Can equity release be a target for fraudsters?

As with any matter involving large sums of money there is a potential risk of fraud.  With equity release, it is not so much lenders as borrowers who may be at risk – and this means that advisers and providers may need to ask different sorts of questions in order to protect their customers and their investment

Fraudulent activity can take many forms: here are some examples which you as a consumer should be mindful of:

  • Coercion: an unscrupulous person – who, sadly, may be a trusted friend or even a family member – may see an opportunity to get some money for themselves by persuading someone with an equity release plan to release funds and give the money to them.
  • Fraudulent application: may be made by someone close to a customer – a friend, family member or possibly even a carer – by forging application papers and signatures.
  • “Romance” scams: where the customer is contacted by someone who appears very attractive to them – both physically and in terms of their compatibility.  The fraudsters will send photos and clever messages and will quickly develop a relationship with their victims, in many cases promising companionship and love.  They will then play on their victim’s belief in their existence and generosity –and start asking for money.  In most cases – they don’t exist at all.
  • Investment scams: where the fraudsters target people who they know own their own properties and may therefore be persuaded to borrow money from any source including an equity release plan – and then “invest” the cash released in an investment “plan” proposed by the fraudster, who will promise excellent returns on the investment.  Needless to say, the fraudster generally disappears with the cash, never to be seen again.  The general rule with this type of scam is that if it sounds too good to be true – it almost certainly is.  Our rules specifically require equity release advisers to explain to customers that it is inadvisable that the funds released are reinvested in any medium or long-term investments.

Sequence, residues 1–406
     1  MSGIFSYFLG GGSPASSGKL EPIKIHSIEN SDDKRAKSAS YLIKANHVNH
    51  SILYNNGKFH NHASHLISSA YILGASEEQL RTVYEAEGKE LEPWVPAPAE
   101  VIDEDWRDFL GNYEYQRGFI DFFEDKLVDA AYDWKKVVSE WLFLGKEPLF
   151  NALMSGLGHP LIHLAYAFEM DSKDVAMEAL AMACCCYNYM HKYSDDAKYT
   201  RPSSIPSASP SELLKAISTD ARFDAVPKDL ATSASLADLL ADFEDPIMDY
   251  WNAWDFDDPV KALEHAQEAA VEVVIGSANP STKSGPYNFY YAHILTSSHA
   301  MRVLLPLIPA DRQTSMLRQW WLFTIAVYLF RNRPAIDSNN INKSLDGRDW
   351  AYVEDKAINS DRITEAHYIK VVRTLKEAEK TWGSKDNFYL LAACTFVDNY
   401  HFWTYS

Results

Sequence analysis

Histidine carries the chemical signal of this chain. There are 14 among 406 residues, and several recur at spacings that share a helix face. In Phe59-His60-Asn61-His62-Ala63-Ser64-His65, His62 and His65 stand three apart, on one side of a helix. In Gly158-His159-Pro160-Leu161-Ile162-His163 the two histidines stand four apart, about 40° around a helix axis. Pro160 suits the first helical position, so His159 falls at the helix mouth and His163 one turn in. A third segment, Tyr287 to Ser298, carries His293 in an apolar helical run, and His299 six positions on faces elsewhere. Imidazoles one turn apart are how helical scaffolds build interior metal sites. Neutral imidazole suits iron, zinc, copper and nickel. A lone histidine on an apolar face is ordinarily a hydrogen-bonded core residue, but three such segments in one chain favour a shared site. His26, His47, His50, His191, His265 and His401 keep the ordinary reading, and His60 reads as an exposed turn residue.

Our members work hard to reduce the risk that a customer may be being targeted fraudulently.  Advisers need to understand their customers’ needs, objectives and future plans when advising them on a suitable equity release product – and if they think something doesn’t stack up – and that the customer may be at risk – they will ask more questions.

We also require all customers to be given independent legal advice when they are about to enter into their equity release contract.  A solicitor will meet the customer face-to-face – and verify that the customer understands what they are being asked to sign up to and that there are no obvious signs of them being put under pressure by someone else.